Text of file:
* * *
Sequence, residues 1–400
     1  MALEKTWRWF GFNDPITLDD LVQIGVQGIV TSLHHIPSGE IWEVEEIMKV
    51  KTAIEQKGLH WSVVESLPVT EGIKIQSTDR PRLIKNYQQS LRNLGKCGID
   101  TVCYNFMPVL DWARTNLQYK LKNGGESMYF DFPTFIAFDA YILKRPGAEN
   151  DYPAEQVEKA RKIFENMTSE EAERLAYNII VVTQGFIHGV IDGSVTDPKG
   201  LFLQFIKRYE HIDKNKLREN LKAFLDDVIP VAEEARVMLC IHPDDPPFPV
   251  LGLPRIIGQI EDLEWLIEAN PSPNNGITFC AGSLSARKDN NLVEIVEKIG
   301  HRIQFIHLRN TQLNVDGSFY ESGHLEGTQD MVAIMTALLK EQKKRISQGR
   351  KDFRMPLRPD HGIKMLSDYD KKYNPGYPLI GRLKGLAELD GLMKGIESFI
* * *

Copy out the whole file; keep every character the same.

Sequence, residues 1–400
     1  MALEKTWRWF GFNDPITLDD LVQIGVQGIV TSLHHIPSGE IWEVEEIMKV
    51  KTAIEQKGLH WSVVESLPVT EGIKIQSTDR PRLIKNYQQS LRNLGKCGID
   101  TVCYNFMPVL DWARTNLQYK LKNGGESMYF DFPTFIAFDA YILKRPGAEN
   151  DYPAEQVEKA RKIFENMTSE EAERLAYNII VVTQGFIHGV IDGSVTDPKG
   201  LFLQFIKRYE HIDKNKLREN LKAFLDDVIP VAEEARVMLC IHPDDPPFPV
   251  LGLPRIIGQI EDLEWLIEAN PSPNNGITFC AGSLSARKDN NLVEIVEKIG
   301  HRIQFIHLRN TQLNVDGSFY ESGHLEGTQD MVAIMTALLK EQKKRISQGR
   351  KDFRMPLRPD HGIKMLSDYD KKYNPGYPLI GRLKGLAELD GLMKGIESFI